IMPACT OF CORONA TREATED ACTIVATED CARBON IN ANIONIC AND CATIONIC DYE ADSORPTION

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Matheus Felipe Freire Pego Janaína Carvalho Willian Borges Maria Lúcia Bianchi

Abstract

Dye degradation is a significant topic in environmental science, since dyes can bring several problems to the environment. Activated carbon (AC) is an important material used as adsorbent of these hazardous substances, but need to be improved especially into specific substances. This paper aimed to evaluate the impact of activated carbon surface modified by corona treatment (electric discharge) on adsorption of different dyes. Activated carbons were treated by corona treatment to cause surface modification, modifying exposure time to treatment (2, 5, 8 and 10 minutes). Evaluation of adsorption was performed by adsorption isotherms and kinetic adsorption. Dyes differed in their charge (anionic or cationic) and molecular weight. Dyes used were Methylene Blue (cationic) and Congo Red (anionic). Surface area and Scanning Electron Microscopy (SEM) were also conducted. Surface chemistry was impacted by corona treatment and interfered in dye adsorption. There was decrease of dye adsorption for both dyes according to time exposure. However, the decrease of Methylene Blue (25%) was higher than Congo Red (14%), suggesting that either charge or molecule weight interfere in the adsorption isotherms. In kinetic adsorption, there was no difference between treatments, although there was a difference in adsorption equilibrium. SEM showed that surface was impacted (pore destruction) by corona treatment. Furthermore, estimated surface area was strongly impacted by the treatment, reducing with the increase of time exposure. Thus, textural properties might have contributed to reduce adsorption capacity of both dyes and play a higher role than chemical properties.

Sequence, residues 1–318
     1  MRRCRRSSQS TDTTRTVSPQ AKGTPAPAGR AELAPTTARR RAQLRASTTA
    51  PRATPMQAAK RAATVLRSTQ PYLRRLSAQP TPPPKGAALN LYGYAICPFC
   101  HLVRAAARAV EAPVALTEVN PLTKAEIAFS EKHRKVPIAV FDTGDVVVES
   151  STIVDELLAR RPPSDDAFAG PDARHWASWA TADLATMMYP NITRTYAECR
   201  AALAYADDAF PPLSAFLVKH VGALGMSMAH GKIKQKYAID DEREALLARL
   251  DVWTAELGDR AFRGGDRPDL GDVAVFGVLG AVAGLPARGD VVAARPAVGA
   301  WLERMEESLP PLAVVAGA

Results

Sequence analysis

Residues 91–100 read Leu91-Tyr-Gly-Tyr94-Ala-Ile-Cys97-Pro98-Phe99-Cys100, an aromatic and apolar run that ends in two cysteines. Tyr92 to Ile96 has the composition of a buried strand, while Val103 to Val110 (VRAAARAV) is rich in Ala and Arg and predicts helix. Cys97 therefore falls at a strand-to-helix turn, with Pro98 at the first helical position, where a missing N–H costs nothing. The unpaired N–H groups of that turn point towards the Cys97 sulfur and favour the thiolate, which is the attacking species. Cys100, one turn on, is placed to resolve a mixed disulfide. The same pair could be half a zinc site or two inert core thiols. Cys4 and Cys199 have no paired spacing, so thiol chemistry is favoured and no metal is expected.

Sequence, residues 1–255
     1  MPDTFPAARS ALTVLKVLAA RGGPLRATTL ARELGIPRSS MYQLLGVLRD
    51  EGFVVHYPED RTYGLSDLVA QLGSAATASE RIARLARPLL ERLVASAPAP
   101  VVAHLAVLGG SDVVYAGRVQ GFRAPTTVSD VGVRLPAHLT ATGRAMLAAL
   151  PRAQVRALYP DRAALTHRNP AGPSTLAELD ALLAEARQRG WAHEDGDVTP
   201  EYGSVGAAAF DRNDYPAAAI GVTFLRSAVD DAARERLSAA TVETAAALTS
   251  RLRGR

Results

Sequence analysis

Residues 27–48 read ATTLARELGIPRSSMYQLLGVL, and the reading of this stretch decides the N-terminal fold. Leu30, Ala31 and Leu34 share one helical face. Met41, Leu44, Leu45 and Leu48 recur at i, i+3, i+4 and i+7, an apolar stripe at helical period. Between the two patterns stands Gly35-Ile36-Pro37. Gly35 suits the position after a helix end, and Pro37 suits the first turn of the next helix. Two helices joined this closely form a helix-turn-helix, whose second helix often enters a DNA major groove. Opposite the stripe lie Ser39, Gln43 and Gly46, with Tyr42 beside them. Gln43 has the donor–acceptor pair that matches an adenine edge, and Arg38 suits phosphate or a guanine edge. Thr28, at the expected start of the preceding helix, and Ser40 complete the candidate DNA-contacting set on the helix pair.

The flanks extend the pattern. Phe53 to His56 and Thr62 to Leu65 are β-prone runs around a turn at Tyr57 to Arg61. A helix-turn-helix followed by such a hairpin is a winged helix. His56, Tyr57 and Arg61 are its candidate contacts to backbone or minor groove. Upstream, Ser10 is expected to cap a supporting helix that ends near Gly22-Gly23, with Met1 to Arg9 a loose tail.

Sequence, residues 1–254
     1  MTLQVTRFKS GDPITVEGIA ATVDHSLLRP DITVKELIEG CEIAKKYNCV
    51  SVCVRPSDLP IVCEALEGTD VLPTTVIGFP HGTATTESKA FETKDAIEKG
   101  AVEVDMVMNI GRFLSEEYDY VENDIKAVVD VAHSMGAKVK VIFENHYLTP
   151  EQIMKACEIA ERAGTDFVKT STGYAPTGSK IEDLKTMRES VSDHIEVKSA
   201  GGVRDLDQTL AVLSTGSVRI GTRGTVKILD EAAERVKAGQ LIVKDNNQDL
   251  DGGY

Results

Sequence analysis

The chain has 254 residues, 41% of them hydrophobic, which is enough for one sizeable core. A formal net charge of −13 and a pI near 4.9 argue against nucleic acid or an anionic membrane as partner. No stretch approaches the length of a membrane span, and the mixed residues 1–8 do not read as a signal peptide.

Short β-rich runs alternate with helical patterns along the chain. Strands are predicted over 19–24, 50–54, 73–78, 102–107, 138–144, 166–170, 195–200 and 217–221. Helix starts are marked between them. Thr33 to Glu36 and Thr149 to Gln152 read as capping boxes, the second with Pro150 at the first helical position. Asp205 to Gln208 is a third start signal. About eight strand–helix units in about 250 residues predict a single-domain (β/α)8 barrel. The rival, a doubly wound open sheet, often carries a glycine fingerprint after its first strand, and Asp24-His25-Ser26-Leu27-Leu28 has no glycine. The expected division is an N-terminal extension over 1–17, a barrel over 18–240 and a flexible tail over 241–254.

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How to Cite
PEGO, Matheus Felipe Freire et al. IMPACT OF CORONA TREATED ACTIVATED CARBON IN ANIONIC AND CATIONIC DYE ADSORPTION. CERNE, [S.l.], v. 23, n. 2, p. 219-228, june 2017. ISSN 2317-6342. Available at: <http://cerne.ufla.br/site/index.php/CERNE/article/view/1616>. Date accessed: 23 oct. 2017.
Keywords
Corona treatment; Adsorption; Surface modification; Textural properties
Section
Article